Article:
Windows-privesc-check is standalone executable that runs on Windows systems. It tries to find misconfiguration that could allow local unprivileged users to escalate privileges to other users or to access local applications (e.g. databases).
Essentially it’s a Windows privilege escalation scanner, the Microsoft side of the World counterpart to unix-privesc-check – which we wrote about a while back.
It is written in Python and converted to an executable using PyInstaller so it can be easily uploaded and run (as opposed to unzipping python + other dependencies). It can run either as a normal user or as Administrator (obviously it does a better job when running as Administrator because it can read more files).
Find Privesc Vectors (as Administrator)
When run with admin rights, windows-privesc-check has full read access to all secureable objects.
This allows it to perform audits for escalation vectors such as:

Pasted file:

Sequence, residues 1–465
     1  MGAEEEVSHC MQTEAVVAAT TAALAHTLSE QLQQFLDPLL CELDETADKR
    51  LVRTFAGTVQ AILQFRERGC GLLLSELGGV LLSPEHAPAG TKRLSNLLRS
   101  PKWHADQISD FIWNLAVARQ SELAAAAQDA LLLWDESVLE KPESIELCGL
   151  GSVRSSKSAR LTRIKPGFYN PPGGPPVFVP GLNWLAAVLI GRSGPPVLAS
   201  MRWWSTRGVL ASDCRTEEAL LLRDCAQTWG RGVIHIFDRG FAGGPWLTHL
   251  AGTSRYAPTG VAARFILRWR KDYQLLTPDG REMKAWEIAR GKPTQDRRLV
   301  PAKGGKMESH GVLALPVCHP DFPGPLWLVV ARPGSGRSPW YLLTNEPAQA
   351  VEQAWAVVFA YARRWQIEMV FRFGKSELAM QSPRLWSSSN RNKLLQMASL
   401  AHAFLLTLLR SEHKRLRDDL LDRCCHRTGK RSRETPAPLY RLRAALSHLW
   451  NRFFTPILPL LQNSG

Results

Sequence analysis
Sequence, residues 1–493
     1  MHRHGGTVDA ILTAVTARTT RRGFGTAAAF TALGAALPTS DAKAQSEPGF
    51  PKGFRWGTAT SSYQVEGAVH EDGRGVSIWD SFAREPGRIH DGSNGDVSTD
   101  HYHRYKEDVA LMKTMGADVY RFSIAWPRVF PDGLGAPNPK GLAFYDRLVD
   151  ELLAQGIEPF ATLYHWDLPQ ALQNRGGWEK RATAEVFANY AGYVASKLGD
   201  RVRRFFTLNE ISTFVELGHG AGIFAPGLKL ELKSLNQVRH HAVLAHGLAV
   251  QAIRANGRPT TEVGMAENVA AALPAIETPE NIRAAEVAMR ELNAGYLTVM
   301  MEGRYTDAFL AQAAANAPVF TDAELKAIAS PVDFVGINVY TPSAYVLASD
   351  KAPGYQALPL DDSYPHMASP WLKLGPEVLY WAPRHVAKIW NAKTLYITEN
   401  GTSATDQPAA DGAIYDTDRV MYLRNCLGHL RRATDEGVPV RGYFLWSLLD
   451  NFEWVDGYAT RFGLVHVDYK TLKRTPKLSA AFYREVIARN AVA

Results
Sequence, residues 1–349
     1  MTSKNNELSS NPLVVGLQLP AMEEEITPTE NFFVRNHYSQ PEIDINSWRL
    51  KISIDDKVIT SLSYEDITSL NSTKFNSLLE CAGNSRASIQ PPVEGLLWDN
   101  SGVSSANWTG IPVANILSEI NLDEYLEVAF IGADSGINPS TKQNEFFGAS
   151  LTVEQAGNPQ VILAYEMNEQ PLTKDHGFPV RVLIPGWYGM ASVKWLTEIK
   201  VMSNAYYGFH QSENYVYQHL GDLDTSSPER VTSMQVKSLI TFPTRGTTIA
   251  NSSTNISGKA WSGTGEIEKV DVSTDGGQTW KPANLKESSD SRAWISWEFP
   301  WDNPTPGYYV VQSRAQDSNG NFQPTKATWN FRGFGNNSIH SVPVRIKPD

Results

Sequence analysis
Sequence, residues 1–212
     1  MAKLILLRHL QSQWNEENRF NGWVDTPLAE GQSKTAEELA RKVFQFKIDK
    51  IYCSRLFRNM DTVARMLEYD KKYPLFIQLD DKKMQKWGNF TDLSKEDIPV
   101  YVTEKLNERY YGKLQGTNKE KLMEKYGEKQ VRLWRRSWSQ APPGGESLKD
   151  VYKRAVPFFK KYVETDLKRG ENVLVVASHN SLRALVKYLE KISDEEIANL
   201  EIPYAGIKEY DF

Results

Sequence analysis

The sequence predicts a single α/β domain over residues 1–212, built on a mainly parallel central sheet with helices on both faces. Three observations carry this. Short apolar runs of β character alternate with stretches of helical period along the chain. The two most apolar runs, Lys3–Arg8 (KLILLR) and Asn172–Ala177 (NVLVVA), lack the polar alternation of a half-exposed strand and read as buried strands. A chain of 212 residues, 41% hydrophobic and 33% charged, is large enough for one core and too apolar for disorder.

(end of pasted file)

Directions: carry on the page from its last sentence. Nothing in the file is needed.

- Reconfiguring Windows Services
- Replacing Service executables if they have weak file permissions
- Replacing poorly protected .exe or .dll files in %ProgramFiles%
- Tojaning the %PATH%
- Maliciously modifying the registry (e.g. RunOnce)
- Modifying programs on FAT file systems
- Tampering with running processes
A great many of the privielges escalation vectors checked are simply checks for weak security descriptors on Windows securable objects, when complete a report is generated in HTML, TXT and XML format.
Find Privesc Vectors (as a Low-Privileged User)
An important design goal is that windows-privesc-check can perform as many checks as possible (above) without admin rights. This will make the tool useful to pentesters as well as auditors.
Clearly, low-privileged users are unable to see certain parts of the registry and file system. The tool is therefore inherently less able to identify security weaknesses when run as a low-privileged user.
As above, a report is generated in HTML, TXT and XML format.
Provide Information To Help Compromise A Remote System
Given low-privileged credentials (or perhaps using anonymous access), windows-privesc-check should provide basic information which might help the user compromise the remote system. This might include:
- Details of poorly configure shares
- A list of admin-equivalent users
- Information about its domain membership and the trusts configured for that domain
You can download windows-privesc-check here:
Or read more here.